I have a horrible confession to make: I was “vendor scum” for most of my security career. All good things come to an end – replaced by better things, of course.

Since departure from my last job, I discovered the world full of exciting projects where I can be incredibly useful. For some logging projects, I can be more useful than anybody else in the world (and, no, this is not my ego talking).  At the same time, I discovered many jobs at “wonderful” large companies, where everything developed two years after the market is considered “innovation.” Maybe this is why I don’t really believe in security market consolidation: BigCo=slow while threat=fast leads to some nice EPIC FAIL of “consolidation.” In any case, I’ve seen a lot of fun projects, and not enough fun jobs. Thus I decided to start developing my own consulting practice. 

With this post, I am “officially” announcing my switch to consulting (even though I’ve been busy consulting for a couple of months already). Here is a quick summary of my services, also posted at Security Warrior Consulting site:

  • Technology vendor services: compliance strategy for a security product, security and compliance content development, “thought leadership” webinars, training and writing, etc.
  • End-user organization services: development of logging strategy, logging policy, log review procedures, planning of log management architecture, etc.

Go see more details on my new consulting site or look at the full services menu [PDF]. At this time, I am working on a couple of very fun projects, but will look for more work along the above lines in the future.  If you have anything of that sort for me, please get in touch (email, other methods)!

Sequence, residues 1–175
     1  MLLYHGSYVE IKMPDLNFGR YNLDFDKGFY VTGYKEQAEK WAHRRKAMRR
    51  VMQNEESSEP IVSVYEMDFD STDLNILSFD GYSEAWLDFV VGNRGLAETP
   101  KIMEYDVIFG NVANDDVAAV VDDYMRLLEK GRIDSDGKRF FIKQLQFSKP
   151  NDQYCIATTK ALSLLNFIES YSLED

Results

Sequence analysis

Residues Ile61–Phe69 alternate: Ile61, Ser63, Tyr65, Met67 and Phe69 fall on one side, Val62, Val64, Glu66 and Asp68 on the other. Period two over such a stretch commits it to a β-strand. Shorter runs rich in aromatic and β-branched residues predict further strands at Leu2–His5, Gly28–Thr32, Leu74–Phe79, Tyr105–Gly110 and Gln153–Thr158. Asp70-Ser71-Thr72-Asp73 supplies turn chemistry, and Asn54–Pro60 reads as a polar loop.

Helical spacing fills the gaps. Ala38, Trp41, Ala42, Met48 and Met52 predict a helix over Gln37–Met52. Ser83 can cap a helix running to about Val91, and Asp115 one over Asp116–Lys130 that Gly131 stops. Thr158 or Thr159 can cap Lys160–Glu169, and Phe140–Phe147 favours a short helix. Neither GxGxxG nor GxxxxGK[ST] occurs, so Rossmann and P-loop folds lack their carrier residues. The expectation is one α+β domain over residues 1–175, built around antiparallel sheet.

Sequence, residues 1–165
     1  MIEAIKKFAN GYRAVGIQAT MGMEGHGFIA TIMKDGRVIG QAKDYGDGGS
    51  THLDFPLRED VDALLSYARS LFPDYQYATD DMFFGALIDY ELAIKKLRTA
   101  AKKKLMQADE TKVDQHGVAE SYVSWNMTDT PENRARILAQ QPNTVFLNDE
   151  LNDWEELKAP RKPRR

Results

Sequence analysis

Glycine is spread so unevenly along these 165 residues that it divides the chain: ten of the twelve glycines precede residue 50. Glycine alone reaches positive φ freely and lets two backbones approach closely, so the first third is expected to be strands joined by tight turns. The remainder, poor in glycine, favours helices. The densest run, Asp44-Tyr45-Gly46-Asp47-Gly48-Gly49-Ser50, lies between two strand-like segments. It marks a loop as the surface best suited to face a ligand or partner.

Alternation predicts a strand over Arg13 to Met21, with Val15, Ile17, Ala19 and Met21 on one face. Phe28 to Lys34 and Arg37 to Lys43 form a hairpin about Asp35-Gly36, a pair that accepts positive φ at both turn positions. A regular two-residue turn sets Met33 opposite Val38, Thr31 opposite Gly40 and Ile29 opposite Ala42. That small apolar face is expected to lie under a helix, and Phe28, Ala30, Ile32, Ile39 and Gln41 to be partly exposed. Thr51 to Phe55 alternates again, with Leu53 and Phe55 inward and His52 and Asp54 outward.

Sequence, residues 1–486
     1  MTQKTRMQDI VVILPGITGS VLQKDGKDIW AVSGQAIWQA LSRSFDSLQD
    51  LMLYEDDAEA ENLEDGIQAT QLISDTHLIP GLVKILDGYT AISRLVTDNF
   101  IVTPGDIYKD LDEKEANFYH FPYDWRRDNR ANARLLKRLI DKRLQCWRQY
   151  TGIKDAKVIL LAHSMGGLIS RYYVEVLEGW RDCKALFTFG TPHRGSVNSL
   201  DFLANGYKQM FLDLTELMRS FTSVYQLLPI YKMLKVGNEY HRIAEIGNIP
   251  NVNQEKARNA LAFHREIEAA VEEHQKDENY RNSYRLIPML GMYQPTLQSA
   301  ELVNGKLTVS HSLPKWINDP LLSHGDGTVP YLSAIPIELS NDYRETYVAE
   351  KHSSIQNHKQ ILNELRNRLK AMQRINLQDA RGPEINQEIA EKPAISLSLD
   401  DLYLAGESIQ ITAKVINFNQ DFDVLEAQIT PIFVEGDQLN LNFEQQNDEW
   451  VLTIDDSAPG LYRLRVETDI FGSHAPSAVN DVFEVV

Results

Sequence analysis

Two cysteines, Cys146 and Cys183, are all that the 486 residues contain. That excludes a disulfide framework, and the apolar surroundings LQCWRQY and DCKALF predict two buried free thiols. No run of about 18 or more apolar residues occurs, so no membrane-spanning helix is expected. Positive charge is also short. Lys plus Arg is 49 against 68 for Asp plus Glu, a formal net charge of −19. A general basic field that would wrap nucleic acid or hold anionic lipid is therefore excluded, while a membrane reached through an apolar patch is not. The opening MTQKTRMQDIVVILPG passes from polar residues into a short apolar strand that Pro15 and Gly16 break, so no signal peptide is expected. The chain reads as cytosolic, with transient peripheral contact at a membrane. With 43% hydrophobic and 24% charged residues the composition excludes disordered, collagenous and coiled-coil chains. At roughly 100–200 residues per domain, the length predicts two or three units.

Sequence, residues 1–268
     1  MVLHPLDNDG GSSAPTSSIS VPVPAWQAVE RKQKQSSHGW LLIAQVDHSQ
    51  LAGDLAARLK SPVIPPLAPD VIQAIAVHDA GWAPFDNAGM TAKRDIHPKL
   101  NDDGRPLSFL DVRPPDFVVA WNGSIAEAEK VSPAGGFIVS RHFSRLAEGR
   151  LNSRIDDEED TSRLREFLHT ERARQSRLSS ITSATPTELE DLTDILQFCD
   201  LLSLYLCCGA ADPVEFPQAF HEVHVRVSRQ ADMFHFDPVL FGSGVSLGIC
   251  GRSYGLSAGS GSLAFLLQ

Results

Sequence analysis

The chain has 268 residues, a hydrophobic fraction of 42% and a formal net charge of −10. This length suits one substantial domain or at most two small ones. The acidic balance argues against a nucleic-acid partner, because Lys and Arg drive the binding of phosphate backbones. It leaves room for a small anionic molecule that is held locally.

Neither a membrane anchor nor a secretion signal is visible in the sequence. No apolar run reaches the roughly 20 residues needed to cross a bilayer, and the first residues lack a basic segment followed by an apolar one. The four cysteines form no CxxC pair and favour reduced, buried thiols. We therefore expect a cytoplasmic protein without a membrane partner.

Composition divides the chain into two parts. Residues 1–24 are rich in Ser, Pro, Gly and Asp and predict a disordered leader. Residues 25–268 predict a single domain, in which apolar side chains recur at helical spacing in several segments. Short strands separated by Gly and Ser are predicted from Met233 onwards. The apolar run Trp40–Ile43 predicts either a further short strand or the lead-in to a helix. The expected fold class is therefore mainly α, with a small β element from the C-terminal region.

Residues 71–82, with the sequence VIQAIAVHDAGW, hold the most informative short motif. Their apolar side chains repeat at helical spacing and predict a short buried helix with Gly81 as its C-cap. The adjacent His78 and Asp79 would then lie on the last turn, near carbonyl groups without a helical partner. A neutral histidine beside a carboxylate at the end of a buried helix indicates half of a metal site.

Finally, if I discover new fun security things to build and evangelize,  I will once again join the noble ranks of vendor scum…

BTW, our “PCI Compliance” book should be out any day now and our book website is “ready for business.” Time to get back to work on that logging book…

Possibly related posts:

Tuesday, November 24, 2009

Two Fun PCI Appearances

FYI, this week I spoke at these two fun PCI DSS events (both virtual):

If you are into that sort of thing, check them out.

BTW, the PCI book is about to be printed – and our official PCI book website is almost ready!

Fun Reading on Security and Compliance #21

Instead of my usual "blogging frenzy" machine gun blast of short posts, I will just combine them into my new blog series "Fun Reading on Security AND Compliance." Here is an issue #21, dated November 23, 2009 (read past ones here).

This edition of dedicated to all the folks who write blogs, but never read blogs. Shame on you :-)

  1. The “60-minute-gate”: start here, then comments here and here.
  2. Hilarious SIEM/log management video (“I need an outlet for my detective instincts”).
  3. Did somebody finally beat “the Levin record” (which seems not really his now) from 1994? Stealing $9m purely through computers is kinda cool :-)
  4. This shit is deep: data breaches cause data abuse (fraud, etc), says recent research. Captn Obvious award does not go unclaimed :-)
  5. Detecting Malice eBook is out.  Get it!
  6. NIST SCAP Conference presentations are finally posted (including mine). Check them out here.
  7. Privacy and future shock discussion: read this (“Forget Privacy, It Is Just An illusion”), then this (“Gartner Gets Privacy Dead Wrong”), then this (“Bob Blakley Gets Future Shock Dead Wrong”). Fun to read and think about.
  8. “HIPAA teeth” and HITECH act, very interesting. Also, this says that “57% of the survey respondents said they would make additional investments in security tools or technologies” [due to HIPAA/HITECH]. Is this for real?
  9. Various smart people beat up risk assessment: here (“The practice of risk analysis is one of the root causes of our failure to match security countermeasures to the emerging threats. It depends on too many unrealistic assumptions”) and here (“I think one of the “hot” areas that I care about is being able to quantify risk. I personally don’t think this can be done because I’ve had too many customers show me their risk measuring systems and I’ve found fault with them.”) And then some other people defend it.
  10. Gunnar’s cloud wisdom: Part 1,2,3a, 3b. Did I mention it is awesome?
  11. Dave for the n00bs. Useful read, and not just for the n00bs: “Please please please please PLEASE do not come out of school with a degree in “Information Assurance” or some other bullshit and tell me you are a security professional.”